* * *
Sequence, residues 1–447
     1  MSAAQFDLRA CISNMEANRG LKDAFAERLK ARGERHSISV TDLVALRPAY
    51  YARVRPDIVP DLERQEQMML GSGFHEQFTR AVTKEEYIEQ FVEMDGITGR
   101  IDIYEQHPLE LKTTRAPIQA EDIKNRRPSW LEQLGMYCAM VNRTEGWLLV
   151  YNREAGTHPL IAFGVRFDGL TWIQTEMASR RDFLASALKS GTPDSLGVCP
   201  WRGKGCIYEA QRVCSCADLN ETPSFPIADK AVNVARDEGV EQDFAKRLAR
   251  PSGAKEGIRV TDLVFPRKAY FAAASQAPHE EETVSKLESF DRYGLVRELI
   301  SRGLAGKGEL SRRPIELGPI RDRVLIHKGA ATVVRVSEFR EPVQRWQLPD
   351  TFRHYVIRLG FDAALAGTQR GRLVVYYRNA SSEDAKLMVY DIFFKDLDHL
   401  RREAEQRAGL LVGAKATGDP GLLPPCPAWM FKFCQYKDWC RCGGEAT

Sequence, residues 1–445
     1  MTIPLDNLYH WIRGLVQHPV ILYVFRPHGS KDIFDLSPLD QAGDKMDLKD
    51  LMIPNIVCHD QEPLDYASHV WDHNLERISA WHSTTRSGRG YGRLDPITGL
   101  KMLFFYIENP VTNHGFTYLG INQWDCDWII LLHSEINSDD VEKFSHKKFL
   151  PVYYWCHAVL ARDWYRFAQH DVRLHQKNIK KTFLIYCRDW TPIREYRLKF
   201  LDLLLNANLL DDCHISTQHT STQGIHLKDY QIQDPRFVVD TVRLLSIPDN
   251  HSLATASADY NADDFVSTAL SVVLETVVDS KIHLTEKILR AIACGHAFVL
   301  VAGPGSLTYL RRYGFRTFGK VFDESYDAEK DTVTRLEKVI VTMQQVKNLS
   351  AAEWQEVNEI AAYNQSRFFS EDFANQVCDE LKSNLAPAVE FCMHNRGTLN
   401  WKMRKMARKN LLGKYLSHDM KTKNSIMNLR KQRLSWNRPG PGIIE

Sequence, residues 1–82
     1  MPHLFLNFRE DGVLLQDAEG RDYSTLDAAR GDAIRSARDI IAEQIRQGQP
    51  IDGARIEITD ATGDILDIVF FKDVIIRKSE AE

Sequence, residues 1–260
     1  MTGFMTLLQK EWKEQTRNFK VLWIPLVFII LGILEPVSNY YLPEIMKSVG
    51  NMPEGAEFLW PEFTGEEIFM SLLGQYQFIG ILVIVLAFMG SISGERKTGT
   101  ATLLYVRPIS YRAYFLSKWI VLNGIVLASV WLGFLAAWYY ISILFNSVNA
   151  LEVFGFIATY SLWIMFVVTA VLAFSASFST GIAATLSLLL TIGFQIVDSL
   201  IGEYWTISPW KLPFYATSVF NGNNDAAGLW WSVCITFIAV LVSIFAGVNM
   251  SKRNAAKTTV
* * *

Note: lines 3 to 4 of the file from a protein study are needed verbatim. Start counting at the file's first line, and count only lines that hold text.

    51  YARVRPDIVP DLERQEQMML GSGFHEQFTR AVTKEEYIEQ FVEMDGITGR
   101  IDIYEQHPLE LKTTRAPIQA EDIKNRRPSW LEQLGMYCAM VNRTEGWLLV